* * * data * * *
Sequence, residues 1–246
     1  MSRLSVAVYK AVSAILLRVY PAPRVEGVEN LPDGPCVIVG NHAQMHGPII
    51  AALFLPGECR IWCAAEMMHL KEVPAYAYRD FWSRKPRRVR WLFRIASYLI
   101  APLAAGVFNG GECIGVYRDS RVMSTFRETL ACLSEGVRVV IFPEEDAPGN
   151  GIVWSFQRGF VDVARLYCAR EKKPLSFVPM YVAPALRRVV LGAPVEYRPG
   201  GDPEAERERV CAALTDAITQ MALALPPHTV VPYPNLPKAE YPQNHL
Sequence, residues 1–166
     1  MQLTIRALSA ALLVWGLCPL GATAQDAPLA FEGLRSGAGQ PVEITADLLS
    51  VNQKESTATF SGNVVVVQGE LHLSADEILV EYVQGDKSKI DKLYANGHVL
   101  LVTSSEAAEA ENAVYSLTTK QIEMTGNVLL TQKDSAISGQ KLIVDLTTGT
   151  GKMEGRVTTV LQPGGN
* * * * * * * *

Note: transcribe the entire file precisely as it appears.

Sequence, residues 1–246
     1  MSRLSVAVYK AVSAILLRVY PAPRVEGVEN LPDGPCVIVG NHAQMHGPII
    51  AALFLPGECR IWCAAEMMHL KEVPAYAYRD FWSRKPRRVR WLFRIASYLI
   101  APLAAGVFNG GECIGVYRDS RVMSTFRETL ACLSEGVRVV IFPEEDAPGN
   151  GIVWSFQRGF VDVARLYCAR EKKPLSFVPM YVAPALRRVV LGAPVEYRPG
   201  GDPEAERERV CAALTDAITQ MALALPPHTV VPYPNLPKAE YPQNHL
Sequence, residues 1–166
     1  MQLTIRALSA ALLVWGLCPL GATAQDAPLA FEGLRSGAGQ PVEITADLLS
    51  VNQKESTATF SGNVVVVQGE LHLSADEILV EYVQGDKSKI DKLYANGHVL
   101  LVTSSEAAEA ENAVYSLTTK QIEMTGNVLL TQKDSAISGQ KLIVDLTTGT
   151  GKMEGRVTTV LQPGGN